"Do SHUT UP, Araxia!" shouted Bulkomia. "How can I think with all that noise going on?"
"But what shall we do, what shall we do, what shall we do?" moaned Araxia. "We shall have to let the servants go. Who is going to look after us? Oh dear, oh dear ..."
"Best thing for you is a nice hot cup of tea," said Dr Pimple.
"Tea?!" snarled Bulkomia.
"Tea??" wailed Araxia.
"After all," said Dr Pimple quietly to Bulkomia, "You don't want people to see that they can upset you. A nice cup of tea will fill you with new strength, ready for action."
"Ye...es!" growled Bulkomia.
"After all, Araxia," murmured Dr Pimple, "you have to think of your insides. It would never do if you were incapacitated just when you need all your strength and cleverness."
"Ye...es," whimpered Araxia.
Refreshments were brought. The doctor fussed around his patients, made them comfortable, passed them biscuits and poured them tea.
"Whatever happens," he said, "you've made enough money out of the Sleeping Beauty to keep you in comfort for the rest of your lives."
"We could always employ a girl to play the part of the Sleeping Beauty," rumbled Bulkomia.
"We'd need at least two," said Araxia. "One couldn't lie there all day."
"All right, two."
"Two the same," whined Araxia.
"Twins!" shouted Bulkomia.
"Or triplets," twittered Araxia. "You'll help us, won't you, Dr Pimple? You'll help us to find triplets?"
"NO!" bellowed Bulkomia. "YOU'LL PUT HER BACK TO SLEEP!"
"Oh yes, yes, do, dear Dr Pimple," moaned Araxia ecstatically. "You can do it, can't you? With drugs and things."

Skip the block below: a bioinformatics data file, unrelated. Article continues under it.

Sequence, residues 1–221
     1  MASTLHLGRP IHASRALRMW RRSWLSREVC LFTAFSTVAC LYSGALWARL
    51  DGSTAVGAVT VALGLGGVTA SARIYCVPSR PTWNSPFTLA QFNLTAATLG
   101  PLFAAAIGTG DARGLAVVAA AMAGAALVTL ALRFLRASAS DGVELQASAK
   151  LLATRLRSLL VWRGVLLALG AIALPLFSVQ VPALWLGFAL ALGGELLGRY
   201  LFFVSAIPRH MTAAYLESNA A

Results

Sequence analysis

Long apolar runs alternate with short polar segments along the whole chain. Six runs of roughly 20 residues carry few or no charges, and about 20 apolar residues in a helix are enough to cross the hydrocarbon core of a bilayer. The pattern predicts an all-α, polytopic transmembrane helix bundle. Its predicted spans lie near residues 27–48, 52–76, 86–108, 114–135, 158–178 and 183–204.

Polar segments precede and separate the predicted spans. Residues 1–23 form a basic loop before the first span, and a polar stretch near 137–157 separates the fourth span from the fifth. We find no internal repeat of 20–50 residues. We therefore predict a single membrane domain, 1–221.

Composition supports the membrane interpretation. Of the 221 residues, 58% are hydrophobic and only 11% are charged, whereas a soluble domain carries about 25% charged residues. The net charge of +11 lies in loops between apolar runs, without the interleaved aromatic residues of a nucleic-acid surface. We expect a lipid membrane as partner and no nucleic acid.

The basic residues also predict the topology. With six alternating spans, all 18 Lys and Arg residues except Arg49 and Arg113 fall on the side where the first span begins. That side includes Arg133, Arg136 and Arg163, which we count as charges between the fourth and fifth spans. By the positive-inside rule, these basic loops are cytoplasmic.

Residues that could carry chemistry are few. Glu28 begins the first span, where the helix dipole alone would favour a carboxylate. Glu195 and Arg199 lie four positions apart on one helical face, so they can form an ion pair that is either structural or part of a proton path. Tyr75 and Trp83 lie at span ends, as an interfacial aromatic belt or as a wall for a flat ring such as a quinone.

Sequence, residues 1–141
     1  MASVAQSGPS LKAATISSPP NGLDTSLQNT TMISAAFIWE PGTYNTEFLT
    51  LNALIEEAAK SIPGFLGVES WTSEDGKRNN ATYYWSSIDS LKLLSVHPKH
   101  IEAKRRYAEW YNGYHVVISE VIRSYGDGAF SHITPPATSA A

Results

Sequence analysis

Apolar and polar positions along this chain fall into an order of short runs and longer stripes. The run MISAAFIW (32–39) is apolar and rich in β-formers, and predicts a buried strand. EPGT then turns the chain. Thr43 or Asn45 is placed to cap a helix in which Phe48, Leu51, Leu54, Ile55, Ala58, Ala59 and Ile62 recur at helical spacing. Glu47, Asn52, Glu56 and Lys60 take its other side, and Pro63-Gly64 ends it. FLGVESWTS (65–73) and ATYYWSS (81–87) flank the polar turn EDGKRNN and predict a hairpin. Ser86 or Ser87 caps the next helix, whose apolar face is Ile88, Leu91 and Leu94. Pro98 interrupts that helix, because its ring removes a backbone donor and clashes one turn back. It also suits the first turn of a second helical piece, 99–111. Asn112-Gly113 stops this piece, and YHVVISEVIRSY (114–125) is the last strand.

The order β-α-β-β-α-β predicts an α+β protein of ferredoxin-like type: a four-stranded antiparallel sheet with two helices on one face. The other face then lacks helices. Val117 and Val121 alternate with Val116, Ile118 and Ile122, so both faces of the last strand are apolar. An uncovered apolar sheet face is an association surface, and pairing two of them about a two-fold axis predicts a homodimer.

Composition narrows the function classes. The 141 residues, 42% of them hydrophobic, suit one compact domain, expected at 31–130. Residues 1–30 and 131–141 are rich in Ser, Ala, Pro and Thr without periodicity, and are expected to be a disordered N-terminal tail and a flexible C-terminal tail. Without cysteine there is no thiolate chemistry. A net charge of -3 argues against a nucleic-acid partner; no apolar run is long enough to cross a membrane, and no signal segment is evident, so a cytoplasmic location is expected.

"Then we can keep the business going," cried Bulkomia. "We'll make a FORTUNE!"
Dr Pimple protested that he couldn't possibly do such a thing. Bulkomia offered him ten percent of the profits, raised her offer to thirty percent, and, when he still refused, went right up to fifty, much to Araxia's distress.
Dr Pimple was adamant. Gradually he made them listen to him. Gradually he made them realise just how wealthy they were.
"Dear ladies," he said, "you are in a very fortunate position. You can afford to turn your back on the sordid cares of finance that imprison all ordinary people, and devote yourselves to being - yourselves. Your lives can be works of the highest art, aesthetic creations of stunning proportions. The whole of mankind will contemplate you in bewildered wonderment."
Araxia and Bulkomia were soothed by this vision and just beginning to contemplate their future with some pleasure, when the Prince came in.
"Pimple!" he cried, beaming all over his face. "I want you to be the first to know. Little Cinderella is to be my wife!"
"My heartiest congratulations, Your Highness," said Dr Pimple. "You must telephone the King and Queen immediately. Then after that we must make a public announcement to reward the people outside for their patience."
Bulkomia toppled slowly backwards and crashed onto a settee. It collapsed beneath her weight, and she lay amid the ruins, gasping. Araxia clutched a table and emitted a long, shrill scream.
"Oh dear," sighed Dr Pimple. "Here we go again. Leave them to me, Your Highness."
"Yes, of course," gabbled Prince Egbert and went off with Cinderella to find a telephone.
* * * * *